Advance money is a reminder of how important it is to know what your publisher is doing for you! Your advance isn’t free money, so if your publisher isn’t doing much to help your career, your advance is not going to be recouped (or paid off ).

One provision you want to include in a publishing deal is the ability to pay off your advance so you can have your catalogue back. The amount you pay back is not going to be the amount you owe, but something like 110% of what is owed. And again, if you don’t ask, your publisher is likely not going to include these provisions, which means your catalogue will be tied up forever (possibly). And with the years, it could just collect dust!


As you may understand, with changing technology we cannot always predict what medium a composition could be used in in the future. As such, normally when I get a publishing deal from a publisher’s attorney, I see a phrase that states you, the “creator,” are entitled to a share of monies from sources specifically set-forth and outlined in the contract. That isn’t to your advantage as there could be different sources of income not specifically outlined in the contract or sources not anticipated and later developed. Instead, add that you get 50% of “all other monies not referred to in this agreement.”


You know that phrase, “If you don’t use it, you lose it?” It very much applies to publishing deals! When you ask for a “reversion,” it means that if a publisher doesn’t exploit, license, or generate any income with the composition, then the composition, after a period of time, should revert back to you. Publishers should not have a right to collect your songs and have them sit in their catalogue if they’re not helping you make money with those songs. We call those people song sharks. Here are a few types of reversions:

• Automatic Reversion: An automatic reversion is when a songwriter with a lot of bargaining power can ask for reversion of all compositions, whether or not the compositions are recorded.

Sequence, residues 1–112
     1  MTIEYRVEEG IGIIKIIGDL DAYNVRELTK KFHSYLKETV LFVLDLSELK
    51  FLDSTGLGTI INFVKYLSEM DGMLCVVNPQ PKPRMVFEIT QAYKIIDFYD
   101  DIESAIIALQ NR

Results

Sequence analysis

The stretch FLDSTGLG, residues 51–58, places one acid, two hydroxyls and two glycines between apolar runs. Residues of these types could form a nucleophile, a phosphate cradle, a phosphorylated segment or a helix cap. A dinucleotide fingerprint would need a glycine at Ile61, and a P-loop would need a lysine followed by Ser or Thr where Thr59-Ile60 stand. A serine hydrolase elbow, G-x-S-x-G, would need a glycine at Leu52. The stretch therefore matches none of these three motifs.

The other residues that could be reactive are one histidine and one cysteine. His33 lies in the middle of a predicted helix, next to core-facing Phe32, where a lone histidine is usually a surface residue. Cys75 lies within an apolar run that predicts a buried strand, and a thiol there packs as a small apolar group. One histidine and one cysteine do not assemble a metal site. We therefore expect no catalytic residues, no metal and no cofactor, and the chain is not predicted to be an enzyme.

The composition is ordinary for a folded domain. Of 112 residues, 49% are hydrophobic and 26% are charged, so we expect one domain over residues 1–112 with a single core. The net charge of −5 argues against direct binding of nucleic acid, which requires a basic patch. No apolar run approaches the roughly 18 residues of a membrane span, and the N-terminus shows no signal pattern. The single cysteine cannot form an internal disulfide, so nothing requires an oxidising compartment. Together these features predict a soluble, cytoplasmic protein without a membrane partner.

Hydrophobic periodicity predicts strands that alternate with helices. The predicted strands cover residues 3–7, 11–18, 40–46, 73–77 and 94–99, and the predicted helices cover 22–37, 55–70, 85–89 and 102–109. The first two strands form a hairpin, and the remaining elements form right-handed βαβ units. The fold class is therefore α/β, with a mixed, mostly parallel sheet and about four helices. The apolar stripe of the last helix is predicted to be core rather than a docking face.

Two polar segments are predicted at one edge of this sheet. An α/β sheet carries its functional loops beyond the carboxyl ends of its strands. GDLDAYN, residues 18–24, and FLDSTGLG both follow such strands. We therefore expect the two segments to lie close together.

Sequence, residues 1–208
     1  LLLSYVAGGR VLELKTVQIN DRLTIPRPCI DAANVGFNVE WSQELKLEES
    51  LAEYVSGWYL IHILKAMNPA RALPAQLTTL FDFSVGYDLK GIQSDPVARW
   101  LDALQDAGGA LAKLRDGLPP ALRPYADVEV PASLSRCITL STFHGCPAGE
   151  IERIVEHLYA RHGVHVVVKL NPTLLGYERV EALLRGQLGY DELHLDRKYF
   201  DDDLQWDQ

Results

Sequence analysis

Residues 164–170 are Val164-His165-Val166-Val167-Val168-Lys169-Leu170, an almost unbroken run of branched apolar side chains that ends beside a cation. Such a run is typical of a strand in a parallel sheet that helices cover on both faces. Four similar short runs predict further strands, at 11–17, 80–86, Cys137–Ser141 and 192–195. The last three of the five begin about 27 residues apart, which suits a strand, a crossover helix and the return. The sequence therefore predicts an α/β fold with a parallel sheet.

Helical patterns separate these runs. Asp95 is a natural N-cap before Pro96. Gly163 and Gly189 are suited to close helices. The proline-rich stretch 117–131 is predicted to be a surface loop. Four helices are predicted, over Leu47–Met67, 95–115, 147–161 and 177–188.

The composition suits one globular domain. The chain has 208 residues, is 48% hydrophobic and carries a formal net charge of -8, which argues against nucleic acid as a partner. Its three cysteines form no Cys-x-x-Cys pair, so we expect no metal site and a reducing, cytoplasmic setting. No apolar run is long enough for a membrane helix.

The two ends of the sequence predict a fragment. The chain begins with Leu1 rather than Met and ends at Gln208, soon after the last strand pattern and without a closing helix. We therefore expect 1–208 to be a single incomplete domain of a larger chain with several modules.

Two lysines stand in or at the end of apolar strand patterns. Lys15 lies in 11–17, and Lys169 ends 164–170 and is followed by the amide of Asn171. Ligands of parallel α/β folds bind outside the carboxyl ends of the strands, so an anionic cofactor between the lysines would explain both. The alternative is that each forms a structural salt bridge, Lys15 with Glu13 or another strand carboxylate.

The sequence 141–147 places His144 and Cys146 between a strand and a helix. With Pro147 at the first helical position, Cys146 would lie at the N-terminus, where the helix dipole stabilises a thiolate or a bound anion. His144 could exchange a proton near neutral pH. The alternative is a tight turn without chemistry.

• Partial Reversions: this means you get back administration rights to your share of the composition, but the publisher keeps the administration of theirs. For example, if you have half of the publisher’s share and all the writer’s share, you get 75% of the song’s income. A partial reversion gives you the right to administer 75% of your share, but publisher keeps administration of their 25%.

Sometimes publishers will agree to a reversion, but make it tough for you by requiring that you provide them with written notice to get the songs back on a particular date or within a particular period of time. Make sure to put that date in your calendar right after you sign the agreement. Set an alarm on your iPhone, call your lawyer, tell your mom to remind you; whatever you have to do!

Before we wrap up, here are a few other quick tips to keep in mind:

Share of publishing company advances: You should share in advances and guarantees that are specifically for owner’s composition.

No “Sweetheart” deals: This means that if the publishing company is affiliated with a record company, there should not be any “sweetheart” licences, or licenses at less than a customary rate. Licenses between publisher and affiliate companies should be at “arms-length”.

Children in music: If you’re a minor or parent when the publisher wants to sign you/your child, the publisher may seek something called affirmation of a minor’s contract. Make sure that if the publisher seeks judicial approval of the publishing agreement, that the publisher pays any attorney fees and costs.

With this knowledge in your back pocket, your publisher will earn their share and work for YOU! I hope your next song goes Diamond faster than “Old Town Road!” Be blessed!

Dani Oliva is an artist advocate, speaker, and music attorney focused on helping talented creators thrive in the music business. Follow him @olivaesq and find out more at

Sindee Levin is an entertainment lawyer and music publishing administrator with more than 30 year of experience. Find out more at